Instead of saying, “Kiss Aunty goodbye!” ask how your child might like to say goodbye. It might be with nothing, a smile, a wave, a high five, a hug. I am a huge advocate that children must never be forced to show affection, yet our children almost always opt for full blown hugs and kisses. I guess this is because they tend to love all the people we hang out with, and they see us willingly showing affection to them. However, they know that only they get a say on what happens to their bodies. They know they will never be forced.

Every so often there is a little awkward moment but I simply let it be, and then call the relative later and explain how important it is that children know their bodies are their own.

I live in a country where one in three girls are sexually abused by the time they are 16. I am willing to put up with a little awkwardness if it protects them from becoming a tragic statistic.8

Will you consider adopting these phrases in your family? Do so and know you are doing your bit to create a world where children can thrive.

souce link

Friday, September 30, 2016

Overcoming Complex PTSD "Yes, You Can!" with Athena Moberg from Trauma ...

Thursday, September 15, 2016


Motivation. It's what makes you get out of bed in the morning
and get dressed and drive to work. It's what makes you work
through lunch and go home late and keep working when you get
home. Without motivation we would accomplish very little. That
being said, if we better understand what motivates us, we can
channel it to achieve even more. There are two types of
motivation: intrinsic and extrinsic. An example of intrinsic
motivation is practicing a hobby in your free time to get better
at it. You are doing it for you. An example of extrinsic
motivation is cleaning your house because you have guests coming
over. You get the idea. Use intrinsic motivation to do creative
work. On the flip side, use extrinsic motivation to tackle
difficult tasks. Know how your work helps others and this will
motivate you to work hard. Finally, and this may seem
counter-intuitive, give yourself something to lose. We value
things when they belong to us. If there's a chance you are going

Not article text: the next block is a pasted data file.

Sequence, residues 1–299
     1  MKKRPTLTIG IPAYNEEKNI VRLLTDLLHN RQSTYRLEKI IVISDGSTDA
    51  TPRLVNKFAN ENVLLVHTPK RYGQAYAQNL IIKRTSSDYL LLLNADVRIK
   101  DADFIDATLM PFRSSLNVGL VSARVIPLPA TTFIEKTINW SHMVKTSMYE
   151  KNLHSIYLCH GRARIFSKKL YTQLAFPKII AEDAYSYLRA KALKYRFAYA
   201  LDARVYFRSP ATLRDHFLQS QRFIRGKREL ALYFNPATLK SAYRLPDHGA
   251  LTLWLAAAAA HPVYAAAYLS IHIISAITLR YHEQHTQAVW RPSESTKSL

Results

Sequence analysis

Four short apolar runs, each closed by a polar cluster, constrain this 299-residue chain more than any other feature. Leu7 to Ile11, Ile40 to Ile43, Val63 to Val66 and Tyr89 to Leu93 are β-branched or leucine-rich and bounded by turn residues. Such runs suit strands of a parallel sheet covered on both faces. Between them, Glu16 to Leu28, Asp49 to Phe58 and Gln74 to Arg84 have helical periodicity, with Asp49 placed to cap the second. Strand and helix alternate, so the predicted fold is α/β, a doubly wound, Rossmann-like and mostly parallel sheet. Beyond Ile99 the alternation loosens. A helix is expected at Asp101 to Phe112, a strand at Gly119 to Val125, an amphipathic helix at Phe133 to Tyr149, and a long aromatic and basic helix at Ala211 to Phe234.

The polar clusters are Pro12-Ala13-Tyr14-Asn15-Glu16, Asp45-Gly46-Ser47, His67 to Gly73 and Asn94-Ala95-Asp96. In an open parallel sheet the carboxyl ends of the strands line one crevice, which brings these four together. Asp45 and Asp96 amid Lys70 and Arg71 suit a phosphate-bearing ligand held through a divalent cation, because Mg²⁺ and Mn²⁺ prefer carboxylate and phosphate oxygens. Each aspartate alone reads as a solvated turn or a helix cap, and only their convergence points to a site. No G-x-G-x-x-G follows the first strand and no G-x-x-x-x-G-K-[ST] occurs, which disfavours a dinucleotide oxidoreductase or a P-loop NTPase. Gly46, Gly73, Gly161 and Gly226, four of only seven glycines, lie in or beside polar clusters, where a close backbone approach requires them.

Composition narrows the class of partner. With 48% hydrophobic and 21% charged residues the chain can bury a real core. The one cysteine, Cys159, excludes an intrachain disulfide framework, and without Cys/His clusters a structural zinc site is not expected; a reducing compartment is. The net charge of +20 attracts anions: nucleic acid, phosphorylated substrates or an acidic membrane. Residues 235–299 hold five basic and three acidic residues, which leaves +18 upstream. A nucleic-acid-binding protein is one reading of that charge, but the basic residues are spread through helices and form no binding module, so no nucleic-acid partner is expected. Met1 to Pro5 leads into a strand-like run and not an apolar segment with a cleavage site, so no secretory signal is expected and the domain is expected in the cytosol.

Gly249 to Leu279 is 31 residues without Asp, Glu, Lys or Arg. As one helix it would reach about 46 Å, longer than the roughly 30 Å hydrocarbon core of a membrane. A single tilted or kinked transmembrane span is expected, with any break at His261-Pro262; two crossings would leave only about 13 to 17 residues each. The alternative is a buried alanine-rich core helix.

to lose something that is important to you, you will work even
harder to hold onto it

Team HARO 

Wednesday, September 7, 2016

Child Sexual Abuse / Assault / Violence

Child Sexual Abuse / Assault / Violence

Child Molestation Research & Prevention Institute – a national science-based, 501(c)3, nonprofit organization. CMRPI conducts research to prevent child sexual abuse and provides information to prevention organizations, agencies, professionals and families to prevent abuse. The mission is to focus scientific research on the major causes of child sexual abuse, especially in areas where early intervention can save the greatest number of children and to provide scientific information that supports the prevention actions of the field, especially prevention organizations, professionals and families, Atlanta, GA and Alameda, CA.

ChildSafe – provides services in a safe environment for child and adolescent victims of sexual abuse. At the center professionals ensure that the child's needs, emotional and medical, come first. The mission of ChildSafe is to restore dignity, trust and hope to children traumatized by sexual abuse, San Antonio, TX.

Darkness to Light – the ultimate mission of D2L, to end childhood sexual abuse, can only be accomplished by sharing the solution of prevention, awareness and education with more and more people. This, in turn, builds momentum and over time, changes the way our nation and culture cares for, protects and nurtures our children. Being an active participant in the mission to end childhood sexual abuse is one of the most rewarding things we will ever do ~ and we cannot do it without you. We believe that learning the facts about childhood sexual abuse helps prevent it. Talking about it helps prevent it. Getting involved helps prevent it. The truth is, if childhood sexual abuse can be prevented, it can be stopped. That's why D2L exists ~ to empower adults through awareness and educational programs to prevent, recognize and react responsibly to childhood sexual abuse, Charleston, SC.

Enough Abuse – provides concerned adults, parents, and professionals with the knowledge and skills they need to prevent child sexual abuse in their homes and communities, Boston, MA.

Girls Education & Mentoring Services – empowers young women, ages 12-21 years, who have experienced sexual exploitation and violence to exit unsafe and abusive lifestyles and to develop their full potential. GEMS’ provides young women with empathetic, consistent support and viable opportunities for positive change, New York, NY.

International Centre for Missing & Exploited Children – promotes the safety and well-being of children through activism, policy development and multinational coordination. Their programs and initiatives are uniting the world and providing international solutions to the problems of child abduction and exploitation, Alexandria, VA. – mission is to reach out to youth aged 8 to 17 who are being sexually abused in order to convey, in age-appropriate language, that: they are not alone, they are not to blame for the abuse and should feel not guilt or shame, and that they need to choose a trustworthy adult in their life and tell them about the sexual abuse. The secondary mission of JustTell is to education and empower all youth around the issue of childhood sexual abuse. No one has ever used kids' media and internet sites where kids gather such as Facebook, Twitter and MySpace to speak to young people about this issue. Our messages reach out to molested children and teens using methods and messages they can readily access and relate to. Whether it is by tweets, blogs and bulletins, through the wallet-sized cards our ten Street Teams will hand out as Community Service Projects, or by sexually abused kids accessing our website; we are kid-friendly and as hip as the teens who are helping us. And that gives us enormous credibility with kids who are being sexually abused.